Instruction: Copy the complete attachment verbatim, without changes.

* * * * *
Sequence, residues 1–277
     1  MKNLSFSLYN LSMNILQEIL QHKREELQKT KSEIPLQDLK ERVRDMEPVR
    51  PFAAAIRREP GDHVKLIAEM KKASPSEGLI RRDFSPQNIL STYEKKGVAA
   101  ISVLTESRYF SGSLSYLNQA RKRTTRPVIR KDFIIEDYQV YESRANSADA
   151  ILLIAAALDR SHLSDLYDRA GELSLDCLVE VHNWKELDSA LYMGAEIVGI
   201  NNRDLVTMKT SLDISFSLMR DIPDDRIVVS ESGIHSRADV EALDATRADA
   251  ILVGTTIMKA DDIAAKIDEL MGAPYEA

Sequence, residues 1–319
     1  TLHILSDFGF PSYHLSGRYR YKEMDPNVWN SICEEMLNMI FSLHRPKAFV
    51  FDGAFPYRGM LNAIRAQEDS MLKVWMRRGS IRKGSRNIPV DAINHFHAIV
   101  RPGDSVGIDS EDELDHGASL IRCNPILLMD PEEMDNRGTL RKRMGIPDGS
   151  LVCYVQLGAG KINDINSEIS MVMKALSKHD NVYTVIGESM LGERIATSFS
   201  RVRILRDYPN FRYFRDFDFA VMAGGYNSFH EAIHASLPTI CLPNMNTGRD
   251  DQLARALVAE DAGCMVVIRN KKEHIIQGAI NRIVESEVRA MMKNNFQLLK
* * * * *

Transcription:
Sequence, residues 1–277
     1  MKNLSFSLYN LSMNILQEIL QHKREELQKT KSEIPLQDLK ERVRDMEPVR
    51  PFAAAIRREP GDHVKLIAEM KKASPSEGLI RRDFSPQNIL STYEKKGVAA
   101  ISVLTESRYF SGSLSYLNQA RKRTTRPVIR KDFIIEDYQV YESRANSADA
   151  ILLIAAALDR SHLSDLYDRA GELSLDCLVE VHNWKELDSA LYMGAEIVGI
   201  NNRDLVTMKT SLDISFSLMR DIPDDRIVVS ESGIHSRADV EALDATRADA
   251  ILVGTTIMKA DDIAAKIDEL MGAPYEA

Sequence, residues 1–319
     1  TLHILSDFGF PSYHLSGRYR YKEMDPNVWN SICEEMLNMI FSLHRPKAFV
    51  FDGAFPYRGM LNAIRAQEDS MLKVWMRRGS IRKGSRNIPV DAINHFHAIV
   101  RPGDSVGIDS EDELDHGASL IRCNPILLMD PEEMDNRGTL RKRMGIPDGS
   151  LVCYVQLGAG KINDINSEIS MVMKALSKHD NVYTVIGESM LGERIATSFS
   201  RVRILRDYPN FRYFRDFDFA VMAGGYNSFH EAIHASLPTI CLPNMNTGRD
   251  DQLARALVAE DAGCMVVIRN KKEHIIQGAI NRIVESEVRA MMKNNFQLLK